“A lively adventure through colonial-era Bombay . . . March has an uncanny talent for conjuring up the hidden corners and personalities of late 19th century Bombay. — CrimeReads
“Based on an actual event, the story paints a wonderful revealing background of colonial India with all its environments and visual beauty. Nev March does a fine job with the background as well as the characters which she portrays against the lushness, the beauty, riches, but also the sordid parts of India of the 1890s.” — Mystery and Suspense Magazine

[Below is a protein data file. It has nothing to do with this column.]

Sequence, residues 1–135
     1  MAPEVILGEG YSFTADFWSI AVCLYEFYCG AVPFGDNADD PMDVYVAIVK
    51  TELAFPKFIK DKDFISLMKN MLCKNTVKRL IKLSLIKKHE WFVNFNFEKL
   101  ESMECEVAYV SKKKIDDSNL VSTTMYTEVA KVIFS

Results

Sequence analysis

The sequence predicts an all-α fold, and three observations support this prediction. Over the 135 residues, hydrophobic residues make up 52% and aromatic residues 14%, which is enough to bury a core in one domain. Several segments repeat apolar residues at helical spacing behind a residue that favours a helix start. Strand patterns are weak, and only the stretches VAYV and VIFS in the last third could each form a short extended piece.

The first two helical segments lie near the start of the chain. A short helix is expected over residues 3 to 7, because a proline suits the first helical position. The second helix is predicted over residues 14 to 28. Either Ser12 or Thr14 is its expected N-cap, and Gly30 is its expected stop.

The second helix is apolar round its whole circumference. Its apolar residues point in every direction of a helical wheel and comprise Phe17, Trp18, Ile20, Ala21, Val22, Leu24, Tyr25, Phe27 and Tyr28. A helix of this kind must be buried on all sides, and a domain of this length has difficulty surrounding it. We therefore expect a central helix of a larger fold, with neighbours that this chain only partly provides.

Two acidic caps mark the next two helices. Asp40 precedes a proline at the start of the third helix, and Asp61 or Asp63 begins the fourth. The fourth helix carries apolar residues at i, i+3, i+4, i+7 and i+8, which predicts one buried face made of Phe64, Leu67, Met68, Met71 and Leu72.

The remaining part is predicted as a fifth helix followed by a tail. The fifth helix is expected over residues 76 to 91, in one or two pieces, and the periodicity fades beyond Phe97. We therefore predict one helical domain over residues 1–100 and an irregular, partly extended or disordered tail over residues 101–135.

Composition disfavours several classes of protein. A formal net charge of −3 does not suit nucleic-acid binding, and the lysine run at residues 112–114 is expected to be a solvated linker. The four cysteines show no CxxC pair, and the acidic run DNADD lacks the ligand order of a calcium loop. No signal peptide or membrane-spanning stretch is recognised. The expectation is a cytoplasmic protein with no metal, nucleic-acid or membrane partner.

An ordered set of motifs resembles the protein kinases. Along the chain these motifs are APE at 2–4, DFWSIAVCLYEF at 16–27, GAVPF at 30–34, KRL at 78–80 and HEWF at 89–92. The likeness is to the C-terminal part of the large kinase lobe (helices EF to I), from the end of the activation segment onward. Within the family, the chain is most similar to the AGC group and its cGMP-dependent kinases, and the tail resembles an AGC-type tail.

“This award-winning lyrical narrative is a delightful multilayered treat.” — India Currents
“Riveting. . . A fascinating story of intrigue, love, despair, hope and murder that we sincerely hope will turn into a mystery series with Captain Agnihotri at the helm.” —Khaas Baat
“An insightful account of life in India on the cusp of the 20th century. Highly recommended.” — Historical Novel Society
“March has created a likable, honorable sleuth whose humble origins and instinctive kindness make spending time with him a pleasure.” — Jaclyn Fulwood, blogger at Infinite Reads, for Shelf Awareness